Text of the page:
News / Europe

    Turkey's Government Sees US Hand in Anti-Corruption Probes

    FILE - Corruption protest in Ankara, Jan 11, 2014.
    FILE - Corruption protest in Ankara, Jan 11, 2014.
    Dorian Jones
    The deepening corruption scandal in Turkey is putting strains on its relationship with the United States. The Turkish government claims the corruption probe is an international conspiracy and suggests Washington is involved, with pro-government media pointing fingers at the U.S. ambassador and calling for his expulsion.
     
    Ever since prosecutors launched probes into alleged high-level government corruption last month, Turkish Prime Minister Recep Tayyip Erdogan has insisted they are part of an international plot. Pro-government media have even called for the expulsion of the U.S. Ambassador Francis Ricciardone, accusing him of playing a role in the corruption probes but providing no specifics. Observers point out the government has done little to distance itself from such calls.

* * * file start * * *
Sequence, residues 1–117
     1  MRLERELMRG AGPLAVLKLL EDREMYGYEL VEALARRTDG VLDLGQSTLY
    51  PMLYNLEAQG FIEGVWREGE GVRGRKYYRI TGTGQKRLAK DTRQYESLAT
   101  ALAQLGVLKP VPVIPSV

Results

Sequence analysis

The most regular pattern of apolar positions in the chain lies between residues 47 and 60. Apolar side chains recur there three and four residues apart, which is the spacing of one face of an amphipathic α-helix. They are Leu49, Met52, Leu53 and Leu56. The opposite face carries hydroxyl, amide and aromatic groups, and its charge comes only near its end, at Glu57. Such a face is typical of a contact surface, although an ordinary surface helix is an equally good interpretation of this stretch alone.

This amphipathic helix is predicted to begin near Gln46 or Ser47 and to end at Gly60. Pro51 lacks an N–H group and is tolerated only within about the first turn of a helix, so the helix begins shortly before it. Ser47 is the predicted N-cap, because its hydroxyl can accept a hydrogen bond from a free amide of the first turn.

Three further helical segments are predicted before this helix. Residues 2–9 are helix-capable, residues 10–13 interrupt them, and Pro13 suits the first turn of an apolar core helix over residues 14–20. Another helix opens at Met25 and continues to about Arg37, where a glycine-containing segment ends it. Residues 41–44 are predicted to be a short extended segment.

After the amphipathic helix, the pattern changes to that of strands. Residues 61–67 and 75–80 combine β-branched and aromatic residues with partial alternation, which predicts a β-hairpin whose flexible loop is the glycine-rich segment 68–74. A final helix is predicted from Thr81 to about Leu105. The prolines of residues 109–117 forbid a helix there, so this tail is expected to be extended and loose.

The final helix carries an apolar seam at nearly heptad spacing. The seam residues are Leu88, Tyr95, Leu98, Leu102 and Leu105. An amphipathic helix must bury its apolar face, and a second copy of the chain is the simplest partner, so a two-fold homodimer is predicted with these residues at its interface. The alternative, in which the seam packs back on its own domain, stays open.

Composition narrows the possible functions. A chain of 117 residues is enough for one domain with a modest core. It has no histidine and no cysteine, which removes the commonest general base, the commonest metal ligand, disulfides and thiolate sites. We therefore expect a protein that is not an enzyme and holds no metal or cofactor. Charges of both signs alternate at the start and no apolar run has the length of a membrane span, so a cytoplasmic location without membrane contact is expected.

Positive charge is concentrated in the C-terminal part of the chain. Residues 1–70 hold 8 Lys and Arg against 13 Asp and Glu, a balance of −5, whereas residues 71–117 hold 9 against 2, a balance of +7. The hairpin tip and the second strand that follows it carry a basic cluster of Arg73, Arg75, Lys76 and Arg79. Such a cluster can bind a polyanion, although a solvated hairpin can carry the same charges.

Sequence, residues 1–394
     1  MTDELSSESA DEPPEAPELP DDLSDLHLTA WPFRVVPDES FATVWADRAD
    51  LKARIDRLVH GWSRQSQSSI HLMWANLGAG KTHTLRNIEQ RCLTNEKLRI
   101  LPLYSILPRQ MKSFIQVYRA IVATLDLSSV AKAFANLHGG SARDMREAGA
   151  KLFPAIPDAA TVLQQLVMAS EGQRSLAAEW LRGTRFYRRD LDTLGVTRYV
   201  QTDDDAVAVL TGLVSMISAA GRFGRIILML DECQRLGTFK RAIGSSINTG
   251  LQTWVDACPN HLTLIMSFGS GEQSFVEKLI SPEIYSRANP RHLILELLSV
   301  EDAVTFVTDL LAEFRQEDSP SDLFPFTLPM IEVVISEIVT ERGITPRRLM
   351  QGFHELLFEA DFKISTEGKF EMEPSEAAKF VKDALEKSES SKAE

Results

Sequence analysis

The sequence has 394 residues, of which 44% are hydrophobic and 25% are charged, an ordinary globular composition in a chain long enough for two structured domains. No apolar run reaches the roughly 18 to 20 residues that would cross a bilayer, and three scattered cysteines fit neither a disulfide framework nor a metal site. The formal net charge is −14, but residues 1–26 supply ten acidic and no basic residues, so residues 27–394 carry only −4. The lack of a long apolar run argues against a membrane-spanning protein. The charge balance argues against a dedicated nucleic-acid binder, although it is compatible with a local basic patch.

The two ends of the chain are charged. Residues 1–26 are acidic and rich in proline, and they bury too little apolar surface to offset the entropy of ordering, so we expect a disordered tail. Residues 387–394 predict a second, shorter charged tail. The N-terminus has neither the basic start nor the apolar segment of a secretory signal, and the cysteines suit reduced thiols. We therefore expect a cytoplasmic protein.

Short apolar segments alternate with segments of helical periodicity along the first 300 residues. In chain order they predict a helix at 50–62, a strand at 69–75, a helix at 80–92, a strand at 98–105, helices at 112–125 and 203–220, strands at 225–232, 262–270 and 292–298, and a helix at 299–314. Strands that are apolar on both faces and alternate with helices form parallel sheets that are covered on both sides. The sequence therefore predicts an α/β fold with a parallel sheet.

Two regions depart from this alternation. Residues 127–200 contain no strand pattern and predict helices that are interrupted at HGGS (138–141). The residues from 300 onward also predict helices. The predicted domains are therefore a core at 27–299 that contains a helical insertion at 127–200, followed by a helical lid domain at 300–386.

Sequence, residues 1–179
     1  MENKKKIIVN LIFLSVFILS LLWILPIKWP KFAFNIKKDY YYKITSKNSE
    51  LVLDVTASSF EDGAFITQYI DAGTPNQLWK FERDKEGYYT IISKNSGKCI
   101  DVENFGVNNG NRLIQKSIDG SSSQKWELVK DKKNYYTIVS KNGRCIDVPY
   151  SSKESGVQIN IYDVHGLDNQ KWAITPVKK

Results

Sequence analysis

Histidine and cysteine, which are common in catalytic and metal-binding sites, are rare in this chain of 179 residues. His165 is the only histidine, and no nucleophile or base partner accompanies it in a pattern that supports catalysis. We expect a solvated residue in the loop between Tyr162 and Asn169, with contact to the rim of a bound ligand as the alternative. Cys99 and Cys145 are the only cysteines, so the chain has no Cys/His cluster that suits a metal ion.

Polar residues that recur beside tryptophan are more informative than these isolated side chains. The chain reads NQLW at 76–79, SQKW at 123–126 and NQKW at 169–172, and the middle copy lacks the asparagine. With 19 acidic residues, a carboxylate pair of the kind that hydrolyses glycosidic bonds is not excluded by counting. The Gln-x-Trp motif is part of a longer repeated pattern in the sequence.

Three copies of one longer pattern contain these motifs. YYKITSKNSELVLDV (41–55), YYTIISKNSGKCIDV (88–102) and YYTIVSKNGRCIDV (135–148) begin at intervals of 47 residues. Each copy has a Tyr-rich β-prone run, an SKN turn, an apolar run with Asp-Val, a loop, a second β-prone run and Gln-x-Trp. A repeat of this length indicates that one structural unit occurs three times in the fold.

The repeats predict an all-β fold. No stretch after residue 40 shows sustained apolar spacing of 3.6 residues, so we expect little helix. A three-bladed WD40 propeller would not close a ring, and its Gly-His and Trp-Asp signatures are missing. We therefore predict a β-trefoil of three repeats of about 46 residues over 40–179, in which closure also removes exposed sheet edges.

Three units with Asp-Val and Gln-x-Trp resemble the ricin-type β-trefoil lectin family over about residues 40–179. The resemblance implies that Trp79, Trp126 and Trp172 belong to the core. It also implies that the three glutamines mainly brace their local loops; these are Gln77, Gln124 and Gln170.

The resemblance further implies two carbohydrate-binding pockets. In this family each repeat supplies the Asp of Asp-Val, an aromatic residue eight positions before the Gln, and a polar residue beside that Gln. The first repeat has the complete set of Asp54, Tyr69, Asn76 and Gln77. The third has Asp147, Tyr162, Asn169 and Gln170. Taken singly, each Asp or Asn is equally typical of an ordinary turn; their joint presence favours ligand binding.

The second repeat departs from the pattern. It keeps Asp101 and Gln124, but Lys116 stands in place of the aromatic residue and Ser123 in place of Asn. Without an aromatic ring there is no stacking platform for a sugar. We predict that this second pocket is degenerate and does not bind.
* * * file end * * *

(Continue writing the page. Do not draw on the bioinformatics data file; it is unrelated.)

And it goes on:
Political scientist Cengiz Aktar of the Istanbul Policy Forum claims such language is putting a severe strain on relations between the close allies.

    "The U.S. is very unhappy with U.S. bashing that is widespread in this country. Ankara is bashing almost the entire world about what is happening in this country, accusing the Jewish lobby and this lobby and that lobby," said Aktar.

    The government accuses Islamic cleric Fetullah Gulen, a one-time close ally who lives in self-imposed exile in the U.S., of being behind the corruption probes. His movement, known as the Cemaat, is suspected of having many followers in the judiciary.

    Kadri Gursel, diplomatic columnist for the Turkish newspaper Milliyet and Al-Monitor website, claims Ankara’s suspicions of Washington are being fueled by existing foreign policy differences.  

    "If the AKP [Turkey's ruling Justice and Development Party] policymakers would be on the same page with the Obama administration, starting with Egypt, Israel and Syria and Iraq, the Cemaat people would not have the free hands to attack the government so bitterly.  The center of the movement is the United States, not Turkey," said Gursel.